With so many types of litter on offer, it’s no surprise that in a study of cat owners, we discovered that a massive 93% of them have tried different types of cat litter before their current choice. Does this sound like you? 

In the survey, we discovered 54% of the respondents reported that they think their cats might be fussy about the litter they put down for them. As well as feline fussiness, cat owners are also disappointed with litters they are trialing and as a result have to spend more time and money on finding the perfect match for them and their cat. 

Now, to tackle this difficult decision, we are launching a collection of 5 easy to understand, high performance cat litters. Simply named 1, 2, 3, 4,5, the colourful collection offers 5 proven materials for you to choose from: Silica, Tofu, Pine, Clay and Paper. But don’t worry about figuring out the differences to make your choice, this handy Cat Litter Generator will deliver two expert recommendations for you to narrow down the decision making process.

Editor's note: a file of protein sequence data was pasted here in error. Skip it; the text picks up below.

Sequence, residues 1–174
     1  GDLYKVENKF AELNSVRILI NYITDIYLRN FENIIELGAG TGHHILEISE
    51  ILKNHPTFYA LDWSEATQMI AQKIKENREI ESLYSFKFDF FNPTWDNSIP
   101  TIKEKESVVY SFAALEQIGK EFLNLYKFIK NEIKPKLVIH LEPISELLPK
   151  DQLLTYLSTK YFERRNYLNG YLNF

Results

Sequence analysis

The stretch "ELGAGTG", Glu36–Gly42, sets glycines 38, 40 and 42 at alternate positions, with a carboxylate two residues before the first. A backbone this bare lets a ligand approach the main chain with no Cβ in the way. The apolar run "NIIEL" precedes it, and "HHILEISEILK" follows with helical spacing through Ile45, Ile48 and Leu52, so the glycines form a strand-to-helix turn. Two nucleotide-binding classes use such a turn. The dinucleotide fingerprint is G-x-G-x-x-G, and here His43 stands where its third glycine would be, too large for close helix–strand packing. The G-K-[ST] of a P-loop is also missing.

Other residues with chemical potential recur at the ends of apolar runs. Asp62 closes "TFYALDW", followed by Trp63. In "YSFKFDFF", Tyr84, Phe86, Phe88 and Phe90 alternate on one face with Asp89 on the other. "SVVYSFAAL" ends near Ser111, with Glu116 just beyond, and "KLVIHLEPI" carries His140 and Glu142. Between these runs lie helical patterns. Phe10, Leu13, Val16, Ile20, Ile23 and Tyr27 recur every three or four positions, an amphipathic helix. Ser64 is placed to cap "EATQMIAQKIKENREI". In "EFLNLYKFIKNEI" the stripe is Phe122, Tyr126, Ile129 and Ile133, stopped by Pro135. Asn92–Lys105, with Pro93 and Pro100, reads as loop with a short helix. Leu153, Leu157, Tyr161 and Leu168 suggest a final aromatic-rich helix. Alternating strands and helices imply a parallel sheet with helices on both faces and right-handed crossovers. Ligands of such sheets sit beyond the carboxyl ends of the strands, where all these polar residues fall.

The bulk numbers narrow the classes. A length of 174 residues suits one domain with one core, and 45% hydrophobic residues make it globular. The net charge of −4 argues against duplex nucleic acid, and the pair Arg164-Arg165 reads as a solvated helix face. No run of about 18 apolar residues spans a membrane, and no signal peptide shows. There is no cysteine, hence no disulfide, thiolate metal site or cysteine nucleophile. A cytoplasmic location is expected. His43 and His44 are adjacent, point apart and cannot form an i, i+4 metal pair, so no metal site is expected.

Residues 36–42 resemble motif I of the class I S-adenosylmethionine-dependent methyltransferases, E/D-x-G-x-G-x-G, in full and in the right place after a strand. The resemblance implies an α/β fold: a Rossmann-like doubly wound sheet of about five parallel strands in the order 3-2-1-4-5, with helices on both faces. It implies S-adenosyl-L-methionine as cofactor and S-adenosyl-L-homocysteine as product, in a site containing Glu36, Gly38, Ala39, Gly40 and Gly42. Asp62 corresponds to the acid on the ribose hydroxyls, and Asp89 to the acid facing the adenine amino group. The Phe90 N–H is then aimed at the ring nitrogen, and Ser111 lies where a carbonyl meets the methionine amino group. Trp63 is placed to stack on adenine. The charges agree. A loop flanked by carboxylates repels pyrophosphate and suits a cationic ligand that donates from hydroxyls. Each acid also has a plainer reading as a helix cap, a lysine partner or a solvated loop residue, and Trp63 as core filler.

Omlet’s Head of Marketing, Johannes Paul, says: At Omlet, we’re striving to make choosing cat litter as easy as 1, 2, 3! This new collection really takes the guesswork out of a major choice for so many cat owners, and we hope it will save our customers from lots of disappointment and wasted time. 

Learn more about the cat litters in the Omlet collection…

 

Ultra Hygienic & Absorbent

No. 1 Silica Cat Litter is made from small sand particles that are extremely absorbent to reduce moisture and odour, keeping it fresh and hygienic for longer. Not only do these small grains absorb and dry faster than other litters, their fine nature also means the litter doesn’t stick to paws and get tracked around your home. The clumping cat litter is also easy to spot clean to improve longevity. 

 

Clumping & Compostable